culture and perception paper- final draft copy.docx - Running head CULTURE AND PERCEPTION PAPER FINAL DRAFT Culture and Perception Paper \u2013 Final Draft

culture and perception paper- final draft copy.docx -...

This preview shows page 1 - 3 out of 7 pages.

Running head: CULTURE AND PERCEPTION PAPER- FINAL DRAFT Culture and Perception Paper – Final Draft name Grand Canyon University: COM-263 date Professor 1
Image of page 1
CULTURE AND PERCEPTION PAPER – FINAL DRAFT Culture and Perception Paper - Rough Draft Culture is defined as social behavior, beliefs, and values that are passed down in a particular social group from generation to generation. Culture can include anything from patterns of communication, beliefs, language culture, pastimes, literature, social systems, behaviors, etc. (Neuliep, 2017). Nationalities within the US have become remarkably complex, more than ever before. Different cultures hold different religions, values, attitudes, and mindsets. Amid change and diversity societies will not agree and become polarized. Essentially, how society treats minorities reflects our individualistic ideology. Mass media has played a significant role in today's society. One of the most established benefits is how societies are portrayed in the media itself. “Ethnocentrism is when one's community assumes that it is the most important and has a greater purpose than any other culture” (Neuliep, 2017). The impression that the United States has of Mexico, which is generally a well-known and valued country, is a clear illustration of this. The purpose of this paper is to discuss the different ways in which Mexican culture's identity is represented, compare the symbolic representation of Mexican culture in its media with that of the U.S. media, and address the effect of mass media on intercultural perceptions and interactions As stated previously, cultural identity Culture can include anything from patterns of communication, beliefs, language culture, pastimes, literature, social systems, behaviors, etc. Mexico’s cultural identity can be assessed with Hofstede’s cultural dimensions. Mexican cultures rank relatively high in masculinity, power distance, and uncertainty avoidance. “In cultures with high power distance, such as Mexico, employees rely on a strong hierarchal structure with those in power demonstrating care and concern for subordinates” (Schuler & Jackson, 1996). Mexican culture is also known for its high masculinity rate. Which indicates that the value of male dominance. The men are meant to protect and provide their families. In comparison to any other 2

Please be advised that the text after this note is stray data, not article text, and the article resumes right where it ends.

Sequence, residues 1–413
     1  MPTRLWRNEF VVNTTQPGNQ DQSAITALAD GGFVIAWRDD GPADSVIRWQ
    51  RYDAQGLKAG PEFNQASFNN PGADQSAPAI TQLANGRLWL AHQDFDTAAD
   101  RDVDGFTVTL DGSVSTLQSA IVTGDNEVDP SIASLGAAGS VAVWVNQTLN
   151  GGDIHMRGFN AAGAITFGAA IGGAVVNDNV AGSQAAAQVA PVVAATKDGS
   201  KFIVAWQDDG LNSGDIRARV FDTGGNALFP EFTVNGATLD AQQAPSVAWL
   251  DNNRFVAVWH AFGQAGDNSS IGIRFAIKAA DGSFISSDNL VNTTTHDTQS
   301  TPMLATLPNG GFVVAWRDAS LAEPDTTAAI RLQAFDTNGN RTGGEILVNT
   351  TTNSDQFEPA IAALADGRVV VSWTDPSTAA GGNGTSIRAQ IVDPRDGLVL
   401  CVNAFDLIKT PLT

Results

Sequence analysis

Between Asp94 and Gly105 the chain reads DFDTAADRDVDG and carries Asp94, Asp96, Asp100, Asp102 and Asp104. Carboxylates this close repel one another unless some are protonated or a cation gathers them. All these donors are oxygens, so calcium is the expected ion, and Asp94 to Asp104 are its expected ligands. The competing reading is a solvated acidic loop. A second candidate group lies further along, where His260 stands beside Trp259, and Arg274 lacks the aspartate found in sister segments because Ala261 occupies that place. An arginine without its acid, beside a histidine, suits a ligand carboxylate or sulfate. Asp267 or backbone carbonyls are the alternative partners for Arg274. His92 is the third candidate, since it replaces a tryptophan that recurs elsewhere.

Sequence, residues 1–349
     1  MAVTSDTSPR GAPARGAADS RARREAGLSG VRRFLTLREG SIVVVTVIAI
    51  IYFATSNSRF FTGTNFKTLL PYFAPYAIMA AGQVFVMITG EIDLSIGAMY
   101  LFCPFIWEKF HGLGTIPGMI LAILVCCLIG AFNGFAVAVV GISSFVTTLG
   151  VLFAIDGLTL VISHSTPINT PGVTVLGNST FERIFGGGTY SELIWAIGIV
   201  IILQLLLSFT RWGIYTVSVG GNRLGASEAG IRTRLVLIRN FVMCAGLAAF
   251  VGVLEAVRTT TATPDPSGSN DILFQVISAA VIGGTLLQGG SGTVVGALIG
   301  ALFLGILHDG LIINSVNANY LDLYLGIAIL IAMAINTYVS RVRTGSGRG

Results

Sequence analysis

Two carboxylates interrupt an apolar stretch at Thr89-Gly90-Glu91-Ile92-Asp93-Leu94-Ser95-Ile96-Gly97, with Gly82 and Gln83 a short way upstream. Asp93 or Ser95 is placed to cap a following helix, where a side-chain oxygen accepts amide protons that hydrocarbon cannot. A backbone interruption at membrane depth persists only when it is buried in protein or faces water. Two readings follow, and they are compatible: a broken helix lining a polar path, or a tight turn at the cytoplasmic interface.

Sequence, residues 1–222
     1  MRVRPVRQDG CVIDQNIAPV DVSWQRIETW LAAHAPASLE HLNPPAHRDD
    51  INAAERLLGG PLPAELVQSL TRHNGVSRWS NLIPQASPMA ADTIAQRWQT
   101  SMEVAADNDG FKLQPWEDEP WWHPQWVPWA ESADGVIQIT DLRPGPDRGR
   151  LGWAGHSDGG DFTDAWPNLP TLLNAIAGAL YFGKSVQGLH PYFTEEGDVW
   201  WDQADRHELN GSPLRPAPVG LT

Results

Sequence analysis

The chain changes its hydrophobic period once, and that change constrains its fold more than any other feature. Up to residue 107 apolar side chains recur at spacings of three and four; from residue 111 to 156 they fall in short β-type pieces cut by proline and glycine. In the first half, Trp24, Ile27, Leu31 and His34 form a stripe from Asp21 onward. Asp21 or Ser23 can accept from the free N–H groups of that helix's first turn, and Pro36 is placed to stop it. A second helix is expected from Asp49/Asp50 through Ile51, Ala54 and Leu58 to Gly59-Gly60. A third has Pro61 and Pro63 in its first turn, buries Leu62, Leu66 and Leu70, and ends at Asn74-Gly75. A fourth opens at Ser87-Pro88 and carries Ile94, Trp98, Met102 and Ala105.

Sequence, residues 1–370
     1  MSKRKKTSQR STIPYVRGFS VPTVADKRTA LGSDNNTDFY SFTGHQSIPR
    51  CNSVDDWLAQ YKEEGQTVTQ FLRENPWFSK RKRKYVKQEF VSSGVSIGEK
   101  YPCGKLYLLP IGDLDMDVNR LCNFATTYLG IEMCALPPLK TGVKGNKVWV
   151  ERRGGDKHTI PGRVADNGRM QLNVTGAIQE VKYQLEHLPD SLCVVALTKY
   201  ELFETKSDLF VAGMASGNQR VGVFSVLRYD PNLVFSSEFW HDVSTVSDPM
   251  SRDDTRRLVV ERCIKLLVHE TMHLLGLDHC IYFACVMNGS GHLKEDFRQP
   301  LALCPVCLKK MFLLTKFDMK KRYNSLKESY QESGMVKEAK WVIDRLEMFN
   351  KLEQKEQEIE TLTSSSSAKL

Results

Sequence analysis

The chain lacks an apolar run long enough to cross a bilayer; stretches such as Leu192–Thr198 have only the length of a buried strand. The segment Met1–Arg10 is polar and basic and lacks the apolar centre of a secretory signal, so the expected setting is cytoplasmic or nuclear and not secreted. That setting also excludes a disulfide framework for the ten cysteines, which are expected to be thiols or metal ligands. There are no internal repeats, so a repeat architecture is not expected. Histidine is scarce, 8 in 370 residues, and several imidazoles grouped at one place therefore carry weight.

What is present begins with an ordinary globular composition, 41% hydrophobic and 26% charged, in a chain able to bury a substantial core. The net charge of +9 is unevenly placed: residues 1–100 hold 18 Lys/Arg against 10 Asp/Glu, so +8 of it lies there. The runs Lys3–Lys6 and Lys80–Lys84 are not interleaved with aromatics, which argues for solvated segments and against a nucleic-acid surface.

Image of page 2
Image of page 3

  • Left Quote Icon

    Student Picture

  • Left Quote Icon

    Student Picture

  • Left Quote Icon

    Student Picture